The Bajagua Project LLC has received approval to use about 80 acres of land in Mexico to build a sewage treatment plant that would increase Tijuana’s ability to treat wastewater.

The approval, which came from the Mexican section of the International Boundary and Water Commission, authorizes Bajagua to lease land in Mexico for 30 years at a cost of about $60,000 annually, Bajagua officials said.

While company officials welcomed the news, the project’s future still rests in a judge’s hands.

The private San Marcos company will not meet a court-ordered September 2008 deadline to expand and improve treatment at a San Ysidro plant that handles 25 million gallons of Mexican sewage daily. The U.S. government has suspended its activities with Bajagua as it awaits word from a federal judge who will decide in September whether to extend the company’s timetable.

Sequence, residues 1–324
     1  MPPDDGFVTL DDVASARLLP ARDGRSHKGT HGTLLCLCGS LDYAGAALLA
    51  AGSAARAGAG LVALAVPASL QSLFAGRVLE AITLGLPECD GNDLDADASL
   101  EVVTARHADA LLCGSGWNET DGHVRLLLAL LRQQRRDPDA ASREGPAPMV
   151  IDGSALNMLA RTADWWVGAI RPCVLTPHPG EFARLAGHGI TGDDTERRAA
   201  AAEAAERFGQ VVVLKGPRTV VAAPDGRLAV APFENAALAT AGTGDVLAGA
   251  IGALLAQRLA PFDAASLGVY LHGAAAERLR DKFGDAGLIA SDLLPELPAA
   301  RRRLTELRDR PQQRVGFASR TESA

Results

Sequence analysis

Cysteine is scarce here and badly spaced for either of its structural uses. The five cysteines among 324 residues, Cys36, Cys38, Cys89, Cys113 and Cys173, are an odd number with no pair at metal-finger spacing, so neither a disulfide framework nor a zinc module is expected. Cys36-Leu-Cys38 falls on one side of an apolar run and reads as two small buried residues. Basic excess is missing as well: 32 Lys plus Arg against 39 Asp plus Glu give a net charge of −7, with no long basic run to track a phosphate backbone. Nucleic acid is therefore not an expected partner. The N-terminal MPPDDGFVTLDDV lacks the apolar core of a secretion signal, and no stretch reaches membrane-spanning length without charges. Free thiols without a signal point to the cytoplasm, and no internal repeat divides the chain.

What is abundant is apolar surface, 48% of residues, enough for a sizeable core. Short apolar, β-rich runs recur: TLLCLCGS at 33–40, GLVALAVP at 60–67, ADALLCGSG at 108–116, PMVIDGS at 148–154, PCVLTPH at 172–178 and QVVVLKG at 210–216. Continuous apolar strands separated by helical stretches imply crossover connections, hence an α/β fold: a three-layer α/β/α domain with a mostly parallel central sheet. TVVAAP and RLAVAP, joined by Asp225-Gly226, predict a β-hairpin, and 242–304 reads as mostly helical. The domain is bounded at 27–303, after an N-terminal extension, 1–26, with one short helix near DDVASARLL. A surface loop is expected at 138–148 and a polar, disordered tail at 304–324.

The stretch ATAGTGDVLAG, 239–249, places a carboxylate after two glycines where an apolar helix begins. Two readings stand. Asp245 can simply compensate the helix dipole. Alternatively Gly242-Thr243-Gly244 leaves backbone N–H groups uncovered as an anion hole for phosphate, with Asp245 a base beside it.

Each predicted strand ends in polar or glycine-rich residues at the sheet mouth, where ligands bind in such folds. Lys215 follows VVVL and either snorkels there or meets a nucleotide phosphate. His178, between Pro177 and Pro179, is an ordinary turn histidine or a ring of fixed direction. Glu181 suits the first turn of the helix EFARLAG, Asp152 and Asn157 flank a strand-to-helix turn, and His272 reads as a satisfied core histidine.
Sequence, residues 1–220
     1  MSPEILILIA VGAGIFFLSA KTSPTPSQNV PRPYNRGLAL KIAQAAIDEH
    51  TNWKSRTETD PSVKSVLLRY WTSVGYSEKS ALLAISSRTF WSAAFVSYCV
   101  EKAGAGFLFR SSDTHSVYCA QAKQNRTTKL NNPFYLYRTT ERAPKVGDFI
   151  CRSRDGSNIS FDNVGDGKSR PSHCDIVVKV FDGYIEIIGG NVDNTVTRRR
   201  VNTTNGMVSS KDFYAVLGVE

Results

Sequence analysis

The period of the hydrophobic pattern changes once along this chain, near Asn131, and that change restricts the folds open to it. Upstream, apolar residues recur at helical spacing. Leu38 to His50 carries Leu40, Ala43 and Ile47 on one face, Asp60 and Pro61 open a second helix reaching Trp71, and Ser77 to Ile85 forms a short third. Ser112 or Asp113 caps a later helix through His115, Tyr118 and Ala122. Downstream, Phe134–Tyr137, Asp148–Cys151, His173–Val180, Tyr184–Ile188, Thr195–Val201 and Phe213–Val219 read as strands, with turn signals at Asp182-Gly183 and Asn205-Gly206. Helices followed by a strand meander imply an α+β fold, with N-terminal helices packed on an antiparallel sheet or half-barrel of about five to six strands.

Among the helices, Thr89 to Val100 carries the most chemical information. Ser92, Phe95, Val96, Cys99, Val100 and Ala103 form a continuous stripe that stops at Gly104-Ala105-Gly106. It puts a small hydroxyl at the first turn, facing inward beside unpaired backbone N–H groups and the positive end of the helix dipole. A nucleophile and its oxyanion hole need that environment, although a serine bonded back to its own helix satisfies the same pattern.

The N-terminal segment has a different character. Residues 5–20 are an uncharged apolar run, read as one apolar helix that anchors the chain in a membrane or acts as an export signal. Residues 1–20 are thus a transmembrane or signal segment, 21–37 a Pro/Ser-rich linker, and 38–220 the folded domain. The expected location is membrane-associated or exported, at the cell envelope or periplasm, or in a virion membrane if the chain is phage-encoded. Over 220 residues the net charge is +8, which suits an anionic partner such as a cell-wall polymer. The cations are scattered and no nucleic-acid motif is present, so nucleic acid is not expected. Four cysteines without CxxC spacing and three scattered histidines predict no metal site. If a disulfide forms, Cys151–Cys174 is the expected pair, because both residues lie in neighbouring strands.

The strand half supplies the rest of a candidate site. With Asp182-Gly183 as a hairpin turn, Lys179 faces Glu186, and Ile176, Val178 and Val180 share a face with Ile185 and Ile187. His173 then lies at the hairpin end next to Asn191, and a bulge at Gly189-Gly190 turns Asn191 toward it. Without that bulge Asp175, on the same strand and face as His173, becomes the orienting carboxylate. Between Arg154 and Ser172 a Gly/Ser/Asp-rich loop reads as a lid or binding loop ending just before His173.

Bajagua officials said the lease addresses one of the many criticisms that has been leveled against the project: That it has lacked any significant endorsement from Mexican officials.

“This shows that Mexico does support it and that we can get it done,” Bajagua spokesman Craig Benedetto said. “From our perspective, this is a huge step in moving this project forward.”

Bajagua aims to expand the plant’s capacity and improve the level of treatment. But its cost to American taxpayers still remains a mystery. The company missed a May 2 deadline to execute a contract that would have divulged that information.


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